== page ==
Lectionary 24 A - Matthew 18:21-35

Matthew 18:21-35
This is a troublesome text in that it appears that the “sin-ee” (aka the one sinned against) is at the mercy of the sinner even though the sinner is the one who needs to be forgiven. Even more troubling is that Peter doesn’t ask more questions once Jesus multiplies Peter’s seven times sin to infinity and beyond. (77 or 70 times 7 is Jesus math which always equals always) So what if the sin is always the same sin? At what point do you say the one who is asking for forgiveness is just getting permission to sin again? Hello. Doesn’t Jesus know about codependency? I’ll ask forgiveness for that last remark. Sorry for taking a parable to places it was never meant to go. The bottom line is this. Jesus commands the church that bears his name to consider forgiveness asked for forgiveness received period end of sentence. Where the parable draws the line is that there is a consequence for forgiveness withheld which once again places the burden on the sin-ee and not the sinner. But that’s the way Jesus rolls. That is not to say we cannot forgive, and love for that matter, from a safe distance. Jesus said to pick up our cross but he does not mean we should be crucified.

Wednesday, September 10, 2014

Holy Cross Year A - 1 Corinthians 1:18-24

1 Corinthians 1:18-24
The world doesn’t care about the message of the cross and thinks weakness just means you are that much easier to kill. For most of our history the church has mimicked the way of the world protecting its place of privilege in pious language that masked the holy war of words and/or weapons that it waged against any and all opposition. Those days are almost behind us, thank God, which means we might be able to reclaim the foolish message of the cross where loss is gain, weakness is strength, and death is life. It does mean we will have to give up our duplicitous nature where we try to walk in the way of the cross without giving up at least a toehold in the way of the world. Jesus said it this way, “You cannot serve two masters.” (Matthew 6:24) So let’s just confess that we would have preferred a stronger Savior and because of that are always tempted to recreate God in our own image. The Good News is that we were created in God’s image and whenever and wherever we reclaim our divine DNA the foolish church that proclaims Christ crucified is the saving power of God for the world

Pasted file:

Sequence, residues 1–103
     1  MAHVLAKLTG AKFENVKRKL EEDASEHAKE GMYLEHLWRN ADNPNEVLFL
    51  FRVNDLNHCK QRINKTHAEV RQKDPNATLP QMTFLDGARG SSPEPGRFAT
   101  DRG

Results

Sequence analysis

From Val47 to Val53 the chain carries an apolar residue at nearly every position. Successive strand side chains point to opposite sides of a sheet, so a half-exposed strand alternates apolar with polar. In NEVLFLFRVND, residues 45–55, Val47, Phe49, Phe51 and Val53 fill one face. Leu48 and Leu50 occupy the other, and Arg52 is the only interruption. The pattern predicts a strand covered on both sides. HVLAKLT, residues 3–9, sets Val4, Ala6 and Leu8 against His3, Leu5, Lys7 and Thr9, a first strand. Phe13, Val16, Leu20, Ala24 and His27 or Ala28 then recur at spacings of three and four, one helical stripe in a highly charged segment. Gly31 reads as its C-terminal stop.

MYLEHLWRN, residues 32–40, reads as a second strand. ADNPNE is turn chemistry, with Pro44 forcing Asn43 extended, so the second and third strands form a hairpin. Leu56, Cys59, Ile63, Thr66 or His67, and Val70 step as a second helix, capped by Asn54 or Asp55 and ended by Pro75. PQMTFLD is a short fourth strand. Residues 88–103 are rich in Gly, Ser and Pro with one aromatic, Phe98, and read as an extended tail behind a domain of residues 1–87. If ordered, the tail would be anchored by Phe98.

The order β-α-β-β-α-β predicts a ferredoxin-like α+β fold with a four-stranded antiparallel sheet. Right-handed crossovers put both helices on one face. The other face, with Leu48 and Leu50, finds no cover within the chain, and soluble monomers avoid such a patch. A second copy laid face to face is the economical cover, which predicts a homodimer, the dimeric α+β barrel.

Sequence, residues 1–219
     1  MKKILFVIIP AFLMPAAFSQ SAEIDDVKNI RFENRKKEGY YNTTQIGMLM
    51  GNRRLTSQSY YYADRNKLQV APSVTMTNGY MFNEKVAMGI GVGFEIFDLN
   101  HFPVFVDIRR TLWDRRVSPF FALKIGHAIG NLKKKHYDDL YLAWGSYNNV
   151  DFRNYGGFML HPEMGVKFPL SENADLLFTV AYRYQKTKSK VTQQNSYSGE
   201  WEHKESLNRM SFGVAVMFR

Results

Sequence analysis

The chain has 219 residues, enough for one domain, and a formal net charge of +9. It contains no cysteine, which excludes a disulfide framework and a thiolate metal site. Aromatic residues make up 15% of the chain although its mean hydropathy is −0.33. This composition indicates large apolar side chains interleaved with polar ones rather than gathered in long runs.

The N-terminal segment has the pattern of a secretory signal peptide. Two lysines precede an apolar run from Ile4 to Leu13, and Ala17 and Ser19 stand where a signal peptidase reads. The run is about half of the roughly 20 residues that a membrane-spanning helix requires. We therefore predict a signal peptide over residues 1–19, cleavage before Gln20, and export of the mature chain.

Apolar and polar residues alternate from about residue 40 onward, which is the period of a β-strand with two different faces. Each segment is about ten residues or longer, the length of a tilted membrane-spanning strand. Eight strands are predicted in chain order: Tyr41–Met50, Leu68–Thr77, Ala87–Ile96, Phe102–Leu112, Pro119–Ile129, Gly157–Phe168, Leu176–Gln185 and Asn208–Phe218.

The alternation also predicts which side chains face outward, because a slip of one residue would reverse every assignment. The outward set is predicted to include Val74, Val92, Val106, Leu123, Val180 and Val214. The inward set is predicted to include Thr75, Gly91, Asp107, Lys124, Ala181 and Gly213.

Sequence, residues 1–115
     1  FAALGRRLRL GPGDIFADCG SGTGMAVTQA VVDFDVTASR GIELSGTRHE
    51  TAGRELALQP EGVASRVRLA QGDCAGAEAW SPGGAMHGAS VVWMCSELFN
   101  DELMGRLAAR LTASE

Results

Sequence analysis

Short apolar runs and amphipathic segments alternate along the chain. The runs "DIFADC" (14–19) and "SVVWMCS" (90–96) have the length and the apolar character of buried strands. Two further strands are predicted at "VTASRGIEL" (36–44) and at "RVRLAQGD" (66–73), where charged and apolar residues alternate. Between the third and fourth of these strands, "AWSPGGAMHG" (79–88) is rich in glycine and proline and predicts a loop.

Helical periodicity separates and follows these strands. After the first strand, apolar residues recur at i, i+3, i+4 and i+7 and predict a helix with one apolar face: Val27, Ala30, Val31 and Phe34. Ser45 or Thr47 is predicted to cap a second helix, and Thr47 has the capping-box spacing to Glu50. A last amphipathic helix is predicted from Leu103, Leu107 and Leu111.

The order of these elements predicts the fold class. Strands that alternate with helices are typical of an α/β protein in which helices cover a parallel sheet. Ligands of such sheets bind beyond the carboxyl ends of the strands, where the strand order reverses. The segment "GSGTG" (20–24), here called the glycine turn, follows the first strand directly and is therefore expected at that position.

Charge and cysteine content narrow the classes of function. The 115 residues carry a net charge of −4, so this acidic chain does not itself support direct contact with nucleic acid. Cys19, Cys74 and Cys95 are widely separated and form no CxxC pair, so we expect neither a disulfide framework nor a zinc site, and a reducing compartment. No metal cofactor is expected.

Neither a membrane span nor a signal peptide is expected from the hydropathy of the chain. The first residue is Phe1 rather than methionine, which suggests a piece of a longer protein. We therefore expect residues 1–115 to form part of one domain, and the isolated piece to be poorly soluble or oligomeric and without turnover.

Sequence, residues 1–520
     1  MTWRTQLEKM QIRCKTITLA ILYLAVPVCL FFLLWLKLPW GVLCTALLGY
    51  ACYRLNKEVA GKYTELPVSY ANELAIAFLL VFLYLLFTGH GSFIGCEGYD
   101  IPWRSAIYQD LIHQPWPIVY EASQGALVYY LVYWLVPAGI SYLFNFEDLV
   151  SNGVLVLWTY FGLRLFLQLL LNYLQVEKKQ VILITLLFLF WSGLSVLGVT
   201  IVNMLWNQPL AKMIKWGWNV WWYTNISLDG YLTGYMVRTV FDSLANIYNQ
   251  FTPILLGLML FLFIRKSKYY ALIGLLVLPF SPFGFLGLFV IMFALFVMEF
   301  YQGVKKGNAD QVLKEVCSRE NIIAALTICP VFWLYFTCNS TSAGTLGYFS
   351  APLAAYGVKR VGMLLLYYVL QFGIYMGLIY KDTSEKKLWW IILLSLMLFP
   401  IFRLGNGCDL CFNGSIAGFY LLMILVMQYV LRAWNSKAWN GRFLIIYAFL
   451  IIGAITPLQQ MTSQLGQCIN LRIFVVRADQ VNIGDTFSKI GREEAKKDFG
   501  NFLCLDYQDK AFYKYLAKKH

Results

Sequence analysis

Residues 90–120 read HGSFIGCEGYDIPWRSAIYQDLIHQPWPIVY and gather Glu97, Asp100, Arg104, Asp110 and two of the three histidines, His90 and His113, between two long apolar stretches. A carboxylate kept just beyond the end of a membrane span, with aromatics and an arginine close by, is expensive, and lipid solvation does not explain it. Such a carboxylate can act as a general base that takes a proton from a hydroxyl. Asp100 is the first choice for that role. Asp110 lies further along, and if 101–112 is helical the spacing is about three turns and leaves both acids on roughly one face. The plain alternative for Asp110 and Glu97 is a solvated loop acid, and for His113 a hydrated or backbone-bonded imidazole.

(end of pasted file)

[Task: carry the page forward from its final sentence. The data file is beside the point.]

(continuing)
Lectionary 24 A - Romans 14:1-12

Romans 14:1-12
I think vegetarians might have a quarrel or two with the apostle Paul over who is weak after all it's not easy to be vegetarian at a Texas BBQ joint. Thank God for pickles! Of course vegetarians take a little bit of ribbing in Texas but maybe not the same as in the early church where “you are what you eat” were fighting words. Centuries of animosity between Jew and Gentile did not disappear overnight. If anything the differences that could largely be avoided through segregation were now inescapable. So Paul reminds them that they are no longer defined by their personal piety for they belong to the Lord who welcomes Jew and Gentile alike. That is the part we miss when we elevate one form of piety above another without recognizing that the only question that matters is does it please the Lord. Of course what really pleases the Lord is when we live in harmony with one another which in the end is the highest form of praise.